09 March 2018

The mystery of the "cotton" in the window frame - updated


The arrival of September at our latitude marks the time when windows closed all summer can be opened to admit cool night air.  As I opened the window on our guest room, I was startled to see a wad of cotton-like material tumble from the upper window frame (above, placed on the concrete driveway for imaging).

My initial anxiety was that some sort of insulation was coming loose, but the original location of the material (photo below) ruled out that possibility.


My attention was now drawn to the contents of the mass, which to my initial dismay revealed an insect pupa and a number of living larvae:


After searching several combinations of key words in Google Images, I found one entry that matched my experience.  The brief explanation there was that the mass was the creation of a solitary bee.

Now I did feel bad, because my wife and I are great fans of solitary bees.  But armed with that clue, it didn't take long to track down the answer:
Anthidium manicatum, commonly called the European wool carder bee, is a species of bee in the family Megachilidae, the leaf-cutter bees or mason bees.

They get the name 'carder' from their behaviour of scraping hair from leaves such as lamb's ears (Stachys byzantina)... They scrape the hairs from the leaves and carry them back to their nests bundled beneath their bodies. There it is used as a lining for their nest cavities.  Females tend to build their nests at high locations.
I don't know whether the larvae in the photo are bee-related or parasites.

Reposted from 2016 because this week I was wandering through the "gardening" section of our local Target store and found this:


The shelf tag erroneously said "butterfly house."  The label on the product was slightly less inaccurate with "insect house."  It is in fact a structure designed for solitary bees.  There are online instructions for making these as a DIY project, but this one was nicely made and inexpensive.  I'll hang it from a shepherd's crook near ground level in our garden and hope to see some of the tubes getting filled as the summer progresses.

Here is a photo of an equivalent bee-condo viewed in cross-section:


This one was made by drilling holes in a wood block (presumably with a removable flap so the curious home scientist could inspect the process and the season progressed).

If I remember, I'll try to post followup photos in the summer and autumn.

8 comments:

  1. Wow. That's pretty amazing bee behavior.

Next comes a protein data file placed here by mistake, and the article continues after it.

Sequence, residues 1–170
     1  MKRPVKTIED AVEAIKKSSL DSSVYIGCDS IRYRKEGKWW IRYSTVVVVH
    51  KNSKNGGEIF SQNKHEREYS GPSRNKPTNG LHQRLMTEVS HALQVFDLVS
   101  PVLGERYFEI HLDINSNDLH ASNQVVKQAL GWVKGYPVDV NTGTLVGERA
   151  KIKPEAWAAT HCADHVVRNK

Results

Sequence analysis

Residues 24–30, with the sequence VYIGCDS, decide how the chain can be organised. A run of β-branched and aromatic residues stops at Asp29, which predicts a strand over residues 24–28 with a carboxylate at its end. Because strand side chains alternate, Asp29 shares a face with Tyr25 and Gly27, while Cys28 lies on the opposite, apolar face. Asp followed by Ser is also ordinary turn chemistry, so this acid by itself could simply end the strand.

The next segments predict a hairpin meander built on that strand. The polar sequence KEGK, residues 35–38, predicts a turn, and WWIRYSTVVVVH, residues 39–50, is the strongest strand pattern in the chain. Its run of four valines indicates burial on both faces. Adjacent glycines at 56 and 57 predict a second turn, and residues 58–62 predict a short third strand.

ReplyDelete
  2. hi
    They look like bee larvae;
    http://www.arkive.org/common-carder-bumblebee/bombus-pascuorum/image-A12741.html

    Various ways to make your own nestbox;
    https://www.growwilduk.com/content/how-build-your-own-solitary-bee-house

    and you can buy viewable tubes;
    http://www.wildlifeworld.co.uk/p/bee-tube-paper-liners-pk-15
    I've also seen folks use perspex tubes wrapped in dark paper.
    cheers another phil (not sure if my links are working)

    ReplyDelete
  3. We have beehives and was sitting on the deck by the lavender and noticed a bee-like non honeybee in the flowers. Was absolutely amazed by my discovery and eventually managed to find out it was a wool carder bee, first discovered in NZ in 2006. The males are supposedly aggressive but there was nothing but harmony in the flowers :)

    ReplyDelete
  4. This is a cool post. Thx for sharing.

    ReplyDelete
  5. In the last couple of years I have started noticing and appreciating the world of native bees. Have done some reading and observing and bought a small mason bee house for my balcony garden. It's a fascinating exploration and I am just getting my feet wet, but here a few links:

    https://crownbees.com/ - a source for native bee supplies and lots of information

    https://www.goodreads.com/book/show/28783027-mason-bee-revolution - an introduction to keeping mason bees, written by Crown Bees' owner, Dave Hunter

    https://www.goodreads.com/book/show/34303588-our-native-bees - interesting look into the world of native bees

    ReplyDelete
  6. In the last couple of years there has been growing interest in Australia in what we call "bug hotels". Various gardening programs have had segments on making your own. A google search with those terms may offer a wider variety of styles and methods for anyone thinking of making their own.

    ReplyDelete

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